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Re: st: RE: mlbeta


From   "Clive Nicholas" <clivelists@googlemail.com>
To   statalist@hsphsun2.harvard.edu
Subject   Re: st: RE: mlbeta
Date   Fri, 17 Aug 2007 06:03:04 +0100

Nick Cox replied to Viktor Slavtchev:

> -mlbeta- is, or was, a user-written program by Sean (Jack) Buckley.
> As your report implies, his personal website on which
> his files sat seems to have disappeared.
>
> I have a version of his program on my machine from an
> earlier downloading. 0s and 1s are ignored by the program
> as a direct or indirect consequence of its use of maximum
> likelihood and the fact that ln 0 is indeterminate.
>
> I won't post the program here for three reasons. It is not
> mine to do so; as I know no location for the author, that
> would be posting a program with no known means of support;
> and another program exists, -betafit- on SSC, that offers
> an alternative. -betafit- resembles -mlbeta- in not
> supporting 0s or 1s.
>
> When people have 0s and 1s that often means that they have
> one or more such spikes in their distributions, so that
> it can be moot whether a beta model is applicable in any case.

It's true that you can no longer download -mlbeta- from Jack Buckley's
old university URL into Stata (I lost my copy of it in a machine
move), but if Viktor desperately wants to get hold of -mlbeta-, you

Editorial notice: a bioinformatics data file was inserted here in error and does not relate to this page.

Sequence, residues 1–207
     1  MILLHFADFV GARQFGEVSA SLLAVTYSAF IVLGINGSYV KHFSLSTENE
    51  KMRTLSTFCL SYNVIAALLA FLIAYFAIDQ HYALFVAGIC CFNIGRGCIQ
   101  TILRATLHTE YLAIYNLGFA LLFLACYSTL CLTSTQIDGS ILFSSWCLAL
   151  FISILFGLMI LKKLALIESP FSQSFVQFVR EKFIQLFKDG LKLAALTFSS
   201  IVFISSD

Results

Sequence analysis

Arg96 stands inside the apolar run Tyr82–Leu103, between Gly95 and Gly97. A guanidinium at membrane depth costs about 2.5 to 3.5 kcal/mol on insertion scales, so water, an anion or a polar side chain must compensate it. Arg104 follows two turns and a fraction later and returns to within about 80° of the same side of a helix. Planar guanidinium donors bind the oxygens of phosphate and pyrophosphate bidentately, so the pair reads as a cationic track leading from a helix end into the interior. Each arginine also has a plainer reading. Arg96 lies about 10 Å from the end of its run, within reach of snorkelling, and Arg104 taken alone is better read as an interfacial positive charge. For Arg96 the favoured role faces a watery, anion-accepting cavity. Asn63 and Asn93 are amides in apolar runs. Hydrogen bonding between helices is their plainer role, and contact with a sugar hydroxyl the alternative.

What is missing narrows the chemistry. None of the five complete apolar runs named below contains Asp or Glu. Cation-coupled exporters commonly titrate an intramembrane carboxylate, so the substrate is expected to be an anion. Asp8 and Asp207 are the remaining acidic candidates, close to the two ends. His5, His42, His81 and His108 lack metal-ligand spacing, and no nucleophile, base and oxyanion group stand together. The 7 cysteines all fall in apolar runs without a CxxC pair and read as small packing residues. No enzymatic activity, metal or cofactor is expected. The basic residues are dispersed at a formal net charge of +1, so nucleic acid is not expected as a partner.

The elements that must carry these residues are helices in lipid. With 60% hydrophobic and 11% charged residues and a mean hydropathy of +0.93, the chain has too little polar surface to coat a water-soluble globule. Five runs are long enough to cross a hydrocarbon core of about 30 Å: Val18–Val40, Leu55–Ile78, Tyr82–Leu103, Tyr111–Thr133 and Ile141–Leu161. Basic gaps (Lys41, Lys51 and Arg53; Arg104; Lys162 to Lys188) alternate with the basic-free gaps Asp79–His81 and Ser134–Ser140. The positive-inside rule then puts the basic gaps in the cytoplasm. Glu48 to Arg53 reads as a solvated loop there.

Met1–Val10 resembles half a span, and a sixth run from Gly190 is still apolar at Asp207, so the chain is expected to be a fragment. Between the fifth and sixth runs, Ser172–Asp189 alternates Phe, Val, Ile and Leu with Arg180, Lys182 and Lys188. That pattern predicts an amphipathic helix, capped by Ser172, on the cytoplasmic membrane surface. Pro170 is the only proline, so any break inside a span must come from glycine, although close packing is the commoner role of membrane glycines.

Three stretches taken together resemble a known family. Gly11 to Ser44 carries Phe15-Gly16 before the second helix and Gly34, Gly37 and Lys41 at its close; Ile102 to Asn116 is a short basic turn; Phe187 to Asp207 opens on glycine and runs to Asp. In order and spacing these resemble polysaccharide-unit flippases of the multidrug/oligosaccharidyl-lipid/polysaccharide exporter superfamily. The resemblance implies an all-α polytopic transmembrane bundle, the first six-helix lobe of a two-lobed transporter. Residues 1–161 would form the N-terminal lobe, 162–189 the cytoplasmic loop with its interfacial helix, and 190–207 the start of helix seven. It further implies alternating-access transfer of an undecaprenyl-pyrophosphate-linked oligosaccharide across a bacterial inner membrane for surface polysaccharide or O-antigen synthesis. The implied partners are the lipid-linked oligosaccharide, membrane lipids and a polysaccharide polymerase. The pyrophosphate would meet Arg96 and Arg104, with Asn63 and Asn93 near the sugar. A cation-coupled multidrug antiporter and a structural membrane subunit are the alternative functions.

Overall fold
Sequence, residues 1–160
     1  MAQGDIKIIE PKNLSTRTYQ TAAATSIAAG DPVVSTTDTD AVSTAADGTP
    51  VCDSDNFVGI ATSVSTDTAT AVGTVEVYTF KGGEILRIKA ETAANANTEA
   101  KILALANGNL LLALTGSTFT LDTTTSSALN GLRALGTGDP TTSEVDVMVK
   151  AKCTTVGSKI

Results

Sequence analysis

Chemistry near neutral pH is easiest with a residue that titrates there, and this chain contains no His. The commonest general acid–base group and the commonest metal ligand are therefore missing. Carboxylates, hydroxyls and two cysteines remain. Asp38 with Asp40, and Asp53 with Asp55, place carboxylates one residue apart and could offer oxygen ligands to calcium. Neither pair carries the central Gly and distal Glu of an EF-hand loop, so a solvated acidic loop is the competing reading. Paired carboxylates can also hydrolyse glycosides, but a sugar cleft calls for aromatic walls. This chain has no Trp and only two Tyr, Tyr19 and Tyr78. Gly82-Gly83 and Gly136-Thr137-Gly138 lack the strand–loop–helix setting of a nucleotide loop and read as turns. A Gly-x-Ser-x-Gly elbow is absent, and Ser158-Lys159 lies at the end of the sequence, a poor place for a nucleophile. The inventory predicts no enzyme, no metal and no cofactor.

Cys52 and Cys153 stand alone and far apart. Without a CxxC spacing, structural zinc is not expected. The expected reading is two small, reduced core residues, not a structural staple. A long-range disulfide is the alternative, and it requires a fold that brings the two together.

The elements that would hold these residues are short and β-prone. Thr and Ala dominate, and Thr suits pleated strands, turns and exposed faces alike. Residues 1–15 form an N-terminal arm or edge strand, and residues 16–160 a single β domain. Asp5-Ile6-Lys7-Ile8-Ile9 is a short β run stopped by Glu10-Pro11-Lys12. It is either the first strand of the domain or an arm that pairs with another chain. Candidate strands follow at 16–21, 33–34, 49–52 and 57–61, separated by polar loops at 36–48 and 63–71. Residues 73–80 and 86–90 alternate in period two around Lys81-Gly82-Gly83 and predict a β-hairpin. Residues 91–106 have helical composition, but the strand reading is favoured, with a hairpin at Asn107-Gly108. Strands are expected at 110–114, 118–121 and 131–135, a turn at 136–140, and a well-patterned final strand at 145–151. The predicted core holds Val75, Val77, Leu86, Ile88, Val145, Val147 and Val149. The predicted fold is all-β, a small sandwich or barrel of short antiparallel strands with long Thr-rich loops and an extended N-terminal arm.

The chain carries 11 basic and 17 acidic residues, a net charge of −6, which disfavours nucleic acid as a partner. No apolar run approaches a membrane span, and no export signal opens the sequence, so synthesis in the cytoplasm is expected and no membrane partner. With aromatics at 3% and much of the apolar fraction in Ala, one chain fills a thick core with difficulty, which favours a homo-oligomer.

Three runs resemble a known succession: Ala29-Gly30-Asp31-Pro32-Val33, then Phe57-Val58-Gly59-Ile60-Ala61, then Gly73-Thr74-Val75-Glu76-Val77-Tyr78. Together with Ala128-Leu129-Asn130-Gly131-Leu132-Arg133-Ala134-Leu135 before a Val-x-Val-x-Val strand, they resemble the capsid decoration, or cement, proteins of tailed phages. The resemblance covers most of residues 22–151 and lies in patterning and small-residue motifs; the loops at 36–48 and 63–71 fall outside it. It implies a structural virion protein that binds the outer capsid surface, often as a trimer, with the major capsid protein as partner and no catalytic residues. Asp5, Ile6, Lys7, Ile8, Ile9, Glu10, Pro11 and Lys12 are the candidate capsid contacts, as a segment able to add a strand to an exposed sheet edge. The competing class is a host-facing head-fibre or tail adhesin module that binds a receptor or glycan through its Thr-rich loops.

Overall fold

could always contact Jack at his current address at the National (US)
Institute of Education Sciences (jack.buckley@ed.gov) and I'm sure
he'd be more than happy to supply a copy to anyone who wanted one
(he's normally quite good with email reponses). However, I might be
able to snag a copy of the full code as helpfully amended, and
displayed, by Richard Williams and Scott Merryman in response to my
request to run -mlbeta- with a -nocons- option. I'll see if I can find
it for you from the Statalist archives, but it might take a while.

However, you might not need it, for there is an alternative that
Viktor can use to fit his proportional models. It doesn't involve a
user-written program and it might turn out to be better. Typing

. glm y x1 x2, family(binomial) link(logit) robust

fits a 'fractional logit' (FL) model as conceived by Papke and
Wooldridge (1996) (obviously, where -y x1 x2- are your variables). An
advantage that FL models have over beta-distributed (BD) models is
that they can include 0s and 1s in the response variable.

In fitting some FL models to some British opinion-poll data recently,
I found that they comfortably outperformed the same models using the
BD parameterization (via -betafit-) in terms of goodness of fit, in
producing the correct signs on _all_ of the coefficients (although the
BD models didn't do too badly here, either) and in producing a greater
efficiency of those coefficients. Perhaps somebody out there has run a
rather more formal, Monte Carlo analysis on the properties of FL
versus BD models that I'm not aware of.

However, Maarten Buis (from whom I picked up this routine as well as
the above paper!) strikes a cautionary note on FL models, which you
can read at

http://www.stata.com/statalist/archive/2007-07/msg00786.html

I hope this helps.

-- 
Clive Nicholas

[Please DO NOT mail me personally here, but at
<clivenicholas@hotmail.com>. Thanks!]

LE Papke and JM Wooldridge (1996) "Econometric Methods For Fractional
Response Variables With An Application to 401(K) Plan Participation
Rates", Journal of Applied Econometrics 11(6), 619-32.
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